According to the International Union for Conservation of Nature (IUCN), whale sharks are considered endangered, which means the species has suffered a population decline of more than 50 percent in the past three generations. The whale shark is only two classifications from being extinct. Improvements and conservation efforts are in place, but there is still a long way to
go to protect these gentle underwater giants.
An international team of researchers, led by marine scientists at King Abdullah University for Science and Technology (KAUST) in Saudi Arabia and including researchers from Woods Hole Oceanographic Institution (WHOI) in the US, has performed an extensive study of whale shark movement and residency using a combination of three scientific techniques: Visual census, acoustic monitoring and satellite telemetry.
Their six-year study, published in the journal PLOS ONE, tracked long-term whale shark movement patterns near the Shib Habil reef (Arabic for “Rope Reef”), a known whale shark hotspot in the Red Sea. The team monitored a total of 84 different sharks over a six-year period, and their results shed light on whale shark behaviors,
which could help to inform conservation efforts.
“The study takes years of passive acoustic monitoring data and combines it with previously published visual census and satellite telemetry data from the same individual sharks. The combined dataset is used to characterize the aggregation’s seasonality, spatial distribution, and patterns of dispersal,” said Dr. Michael Berumen, director of the Red Sea Research Center and professor of marine science at KAUST.

HIGHLIGHT

An international team of researchers, led by marine scientists at King Abdullah University for Science and Technology (KAUST) in Saudi Arabia and including researchers from Woods Hole Oceanographic Institution (WHOI) in the US, has performed an extensive study of whale shark movement and residency.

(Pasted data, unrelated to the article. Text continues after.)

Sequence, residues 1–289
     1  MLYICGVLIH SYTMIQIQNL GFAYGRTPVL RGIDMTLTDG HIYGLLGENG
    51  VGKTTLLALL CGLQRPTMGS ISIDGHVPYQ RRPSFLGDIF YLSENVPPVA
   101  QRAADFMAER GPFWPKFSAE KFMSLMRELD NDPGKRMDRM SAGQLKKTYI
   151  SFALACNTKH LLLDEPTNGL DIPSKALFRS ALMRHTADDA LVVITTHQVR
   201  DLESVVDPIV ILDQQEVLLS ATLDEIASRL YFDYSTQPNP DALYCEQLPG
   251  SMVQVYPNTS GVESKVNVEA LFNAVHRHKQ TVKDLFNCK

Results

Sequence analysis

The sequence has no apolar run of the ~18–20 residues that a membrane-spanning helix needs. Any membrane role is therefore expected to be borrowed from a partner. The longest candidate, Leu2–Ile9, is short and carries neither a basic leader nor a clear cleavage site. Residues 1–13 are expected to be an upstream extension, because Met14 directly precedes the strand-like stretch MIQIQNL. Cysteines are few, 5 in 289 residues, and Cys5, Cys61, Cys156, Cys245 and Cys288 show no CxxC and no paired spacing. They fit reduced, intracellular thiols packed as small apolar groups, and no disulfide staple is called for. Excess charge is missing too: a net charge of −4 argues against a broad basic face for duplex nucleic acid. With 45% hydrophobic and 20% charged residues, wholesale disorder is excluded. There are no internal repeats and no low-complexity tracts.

They found the aggregation to be highly seasonal, with sharks being most abundant in April and May, and that many of the sharks returned to the hot spot regularly year after year. The study also shows roughly equal numbers of male and female sharks using the site, something that could be unique to Shib Habil. These characteristics indicate that this site may serve an important function for the wider Indian Ocean population of this rare and endangered species.
“Using the combined dataset, we can show somewhat conclusively that the aggregation meets all of the criteria of a shark nursery. This is particularly relevant given that Shib Habil is the only site in the Indian Ocean to regularly attract large numbers of juvenile females. Growing late-stage adolescents of both sexes into full adulthood is critical for sustaining a species. Management of critical habitats like Shib Habil and other aggregations will likely be vital for future whale shark conservation,” said KAUST graduate Dr. Jesse Cochran, lead author of the study.
There is a combination of factors contributing to the decrease of whale shark populations world-wide, including targeted fishing, bycatch losses due to fisheries, vessel strikes from boat traffic, marine debris, and pollution.